But the brittle, half-lit atmosphere of Etüdenfest continues throughout the program. In Shadow Music Dean orientates the entire work around the idea of shadows, with dark sounds and eerie percussive effects looming out of indistinct background textures. Winds and percussion are added to the ensemble, following the strings and piano of Etüdenfest, but this is still predominantly string music, and while Dean writes proficiently for every orchestral section, it is always the strings that get the majority of the interesting extended techniques.
Short Stories (2005) is, as its title suggests, more pictorial and more narrative. The five “interludes” each have a different character, the quieter ones following the shadowy mood of the previous two works. A narrative quality comes through more strongly in the faster music, where we hear long, weaving violin lines drawing the ear onwards through the ever-beguiling textures. No actual stories are told (or at least acknowledged by the composer), apart from in the penultimate movement, “Komarov’s Last Words,” a memorial to cosmonaut Vladimir Komarov, the first casualty of space flight.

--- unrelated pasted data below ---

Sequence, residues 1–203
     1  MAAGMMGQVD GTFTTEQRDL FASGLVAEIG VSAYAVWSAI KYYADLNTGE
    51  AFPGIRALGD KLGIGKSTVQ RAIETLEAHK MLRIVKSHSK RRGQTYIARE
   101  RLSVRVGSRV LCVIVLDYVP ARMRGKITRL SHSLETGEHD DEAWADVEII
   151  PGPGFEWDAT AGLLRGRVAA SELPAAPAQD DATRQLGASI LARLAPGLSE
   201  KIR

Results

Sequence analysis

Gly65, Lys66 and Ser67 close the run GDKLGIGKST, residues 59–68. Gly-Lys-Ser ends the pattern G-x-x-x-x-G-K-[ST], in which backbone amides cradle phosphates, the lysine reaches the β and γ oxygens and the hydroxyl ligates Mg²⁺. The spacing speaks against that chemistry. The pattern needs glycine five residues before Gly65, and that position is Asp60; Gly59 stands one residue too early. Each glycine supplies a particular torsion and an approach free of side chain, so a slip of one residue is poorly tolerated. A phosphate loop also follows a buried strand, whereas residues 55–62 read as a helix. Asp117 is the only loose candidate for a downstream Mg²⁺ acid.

A greater emotional depth is evident in Testament (2002, rev. 2008), a work inspired by Beethoven’s “Heiligenstadt Testimony.” Dean prefaces the work with a chamber orchestra arrangement (flute, clarinet, and string orchestra) of the Adagio from Beethoven’s String Quartet op. 59/1. The arrangement itself is very elegant, and Dean’s penchant for held string pedals informs his settings of the accompanying textures. Testament follows the mood of the Beethoven movement, but the actual allusions to Beethoven’s work within Dean’s are subtle, brief quotations from the Adagio, and also, apparently, allusions to the upbeat character of the finale of the quartet. The result, in Dean’s words, is an ambivalence “somewhere between languor and resolve.”